"Wednesday, August 29, 2007
EPA's "flexible" air permits
I just received a press release from the EPA, which is proposing changes to its air quality permitting rules -- which would include operating permits and New Source Review programs. According to the press release, the agency is doing this to "encourage pollution prevention; provide increased flexibility, enable industrial facilities to make rapid changes to respond to market demands; save resources for state permitting authorities, and improve public information."
EPA will accept comment on this proposed rule for 60 days after it is published in the Federal Register.From the EPA site: [Remember that ASARCO EL PASO said it was using BACT in 1992 when it installed CONTOP -- and then it proceeded to secretly handle and burn toxic waste]
More about the proposal: http://epa.gov/nsr/actions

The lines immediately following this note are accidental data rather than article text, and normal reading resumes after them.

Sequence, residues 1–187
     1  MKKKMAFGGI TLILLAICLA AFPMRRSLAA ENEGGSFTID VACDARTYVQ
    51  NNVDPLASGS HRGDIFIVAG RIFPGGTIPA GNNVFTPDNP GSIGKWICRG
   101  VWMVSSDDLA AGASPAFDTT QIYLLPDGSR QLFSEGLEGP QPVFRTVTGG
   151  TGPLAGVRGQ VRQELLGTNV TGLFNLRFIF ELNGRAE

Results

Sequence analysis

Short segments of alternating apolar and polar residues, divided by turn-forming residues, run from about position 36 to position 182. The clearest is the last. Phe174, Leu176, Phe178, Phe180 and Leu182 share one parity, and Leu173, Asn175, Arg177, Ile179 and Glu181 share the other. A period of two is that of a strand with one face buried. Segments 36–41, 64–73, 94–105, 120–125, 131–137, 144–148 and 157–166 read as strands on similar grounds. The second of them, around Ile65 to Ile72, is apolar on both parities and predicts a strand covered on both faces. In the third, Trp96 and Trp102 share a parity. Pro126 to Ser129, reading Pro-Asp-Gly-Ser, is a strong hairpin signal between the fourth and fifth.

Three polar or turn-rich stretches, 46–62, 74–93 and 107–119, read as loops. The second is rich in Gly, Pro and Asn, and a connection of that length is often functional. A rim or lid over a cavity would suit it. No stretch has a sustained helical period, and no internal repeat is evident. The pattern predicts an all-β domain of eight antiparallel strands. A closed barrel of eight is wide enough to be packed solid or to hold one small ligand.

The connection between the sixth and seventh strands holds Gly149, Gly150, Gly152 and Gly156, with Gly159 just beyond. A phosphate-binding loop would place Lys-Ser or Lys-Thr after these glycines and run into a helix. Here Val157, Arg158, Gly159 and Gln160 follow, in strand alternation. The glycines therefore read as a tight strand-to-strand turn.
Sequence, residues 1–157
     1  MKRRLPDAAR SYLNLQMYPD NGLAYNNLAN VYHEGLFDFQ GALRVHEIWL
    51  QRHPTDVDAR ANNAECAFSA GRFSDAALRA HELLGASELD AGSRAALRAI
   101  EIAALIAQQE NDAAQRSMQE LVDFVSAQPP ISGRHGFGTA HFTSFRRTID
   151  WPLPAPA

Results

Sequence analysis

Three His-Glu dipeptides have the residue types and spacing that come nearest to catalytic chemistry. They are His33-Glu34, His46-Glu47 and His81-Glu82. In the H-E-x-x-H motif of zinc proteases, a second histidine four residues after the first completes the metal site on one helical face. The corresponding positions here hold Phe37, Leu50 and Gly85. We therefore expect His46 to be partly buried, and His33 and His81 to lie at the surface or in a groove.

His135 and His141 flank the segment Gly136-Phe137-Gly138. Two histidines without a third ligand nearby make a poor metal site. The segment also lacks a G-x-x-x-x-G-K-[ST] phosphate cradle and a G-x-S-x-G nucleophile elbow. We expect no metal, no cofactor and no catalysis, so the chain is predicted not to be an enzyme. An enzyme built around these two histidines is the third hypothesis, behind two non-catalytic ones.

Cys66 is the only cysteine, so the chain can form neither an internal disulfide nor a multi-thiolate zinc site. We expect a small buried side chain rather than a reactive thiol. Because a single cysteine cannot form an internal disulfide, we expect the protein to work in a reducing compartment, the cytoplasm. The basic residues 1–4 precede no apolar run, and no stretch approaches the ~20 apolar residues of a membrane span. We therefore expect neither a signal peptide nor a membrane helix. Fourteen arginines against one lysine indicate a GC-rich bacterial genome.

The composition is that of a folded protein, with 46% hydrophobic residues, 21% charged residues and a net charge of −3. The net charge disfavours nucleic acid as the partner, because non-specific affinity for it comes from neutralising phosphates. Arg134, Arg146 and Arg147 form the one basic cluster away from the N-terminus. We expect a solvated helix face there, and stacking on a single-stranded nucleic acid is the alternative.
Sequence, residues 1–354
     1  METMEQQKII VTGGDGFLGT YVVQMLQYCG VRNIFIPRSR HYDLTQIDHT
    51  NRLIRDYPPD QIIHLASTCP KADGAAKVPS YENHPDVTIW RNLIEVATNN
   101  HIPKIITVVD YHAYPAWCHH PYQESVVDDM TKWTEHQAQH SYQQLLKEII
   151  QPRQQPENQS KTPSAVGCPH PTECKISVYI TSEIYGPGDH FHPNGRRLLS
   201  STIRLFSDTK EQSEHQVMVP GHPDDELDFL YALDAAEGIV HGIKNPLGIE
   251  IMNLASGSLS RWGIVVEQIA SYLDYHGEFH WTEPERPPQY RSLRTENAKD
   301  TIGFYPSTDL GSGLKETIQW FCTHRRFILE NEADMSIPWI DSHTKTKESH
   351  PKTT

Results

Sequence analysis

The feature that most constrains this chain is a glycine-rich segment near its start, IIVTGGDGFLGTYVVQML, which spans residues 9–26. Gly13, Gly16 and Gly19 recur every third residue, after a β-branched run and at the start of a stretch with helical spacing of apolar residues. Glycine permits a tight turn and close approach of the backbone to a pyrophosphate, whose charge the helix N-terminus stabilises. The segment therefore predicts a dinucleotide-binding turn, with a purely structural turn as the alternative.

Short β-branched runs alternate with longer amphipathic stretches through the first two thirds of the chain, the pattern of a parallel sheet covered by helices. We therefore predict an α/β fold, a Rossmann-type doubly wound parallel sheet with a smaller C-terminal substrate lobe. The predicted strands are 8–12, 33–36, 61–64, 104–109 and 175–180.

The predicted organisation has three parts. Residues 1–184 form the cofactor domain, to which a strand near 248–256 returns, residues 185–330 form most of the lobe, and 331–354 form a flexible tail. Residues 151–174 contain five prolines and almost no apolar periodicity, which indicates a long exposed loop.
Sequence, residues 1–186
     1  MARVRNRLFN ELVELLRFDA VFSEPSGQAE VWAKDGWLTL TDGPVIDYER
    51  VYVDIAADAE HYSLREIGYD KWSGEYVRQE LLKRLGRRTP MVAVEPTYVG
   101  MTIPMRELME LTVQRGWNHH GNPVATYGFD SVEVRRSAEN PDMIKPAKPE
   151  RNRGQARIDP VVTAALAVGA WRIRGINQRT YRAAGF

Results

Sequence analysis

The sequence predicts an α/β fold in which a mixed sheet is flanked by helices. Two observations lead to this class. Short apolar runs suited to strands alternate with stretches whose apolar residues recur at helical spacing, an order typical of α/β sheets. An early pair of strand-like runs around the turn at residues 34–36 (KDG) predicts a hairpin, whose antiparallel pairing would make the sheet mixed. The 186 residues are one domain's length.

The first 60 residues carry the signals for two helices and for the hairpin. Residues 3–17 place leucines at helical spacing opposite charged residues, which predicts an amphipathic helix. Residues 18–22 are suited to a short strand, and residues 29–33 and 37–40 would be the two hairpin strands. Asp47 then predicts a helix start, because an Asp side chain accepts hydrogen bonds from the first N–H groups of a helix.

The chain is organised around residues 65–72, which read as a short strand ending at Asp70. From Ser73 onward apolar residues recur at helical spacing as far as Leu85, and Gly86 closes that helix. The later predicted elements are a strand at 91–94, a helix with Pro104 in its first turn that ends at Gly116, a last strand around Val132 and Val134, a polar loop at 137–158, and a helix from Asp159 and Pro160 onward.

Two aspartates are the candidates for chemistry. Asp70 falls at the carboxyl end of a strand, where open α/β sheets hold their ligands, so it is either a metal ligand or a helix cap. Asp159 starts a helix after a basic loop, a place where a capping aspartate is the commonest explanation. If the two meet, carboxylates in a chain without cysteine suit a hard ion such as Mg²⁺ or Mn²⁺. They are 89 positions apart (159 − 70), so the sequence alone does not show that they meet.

Information about EPA's New Source Review program: http://epa.gov/nsr/ "
"The proposed revisions to EPA’s NSR program describe how industrial facilities would obtain advance approvals of certain future changes under major NSR through the use of a new permit option called a “Green Group.” A Green Group consists of a collection of emissions points ducted to a common, high performing air pollution control device. This emissions control device must meet “best available control technology” (BACT) or “lowest achievable emission rate” (LAER), as applicable. The total annual emissions from all the new and existing emissions activities included in the Green Group are restricted to a level determined to be protective of the applicable national ambient air quality standards and the increments established to protect visibility and other air quality values. The state, tribal or local permitting authority would retain the ability to determine if the Green Group permitting approach would be appropriate in a particular situation.
Sources may make changes within the scope of a Green Group approval without further review or approval by the permitting authority. To establish a Green Group, a source must go through the major NSR permitting process and obtain a permit which would limit future emissions growth over a 10-year period."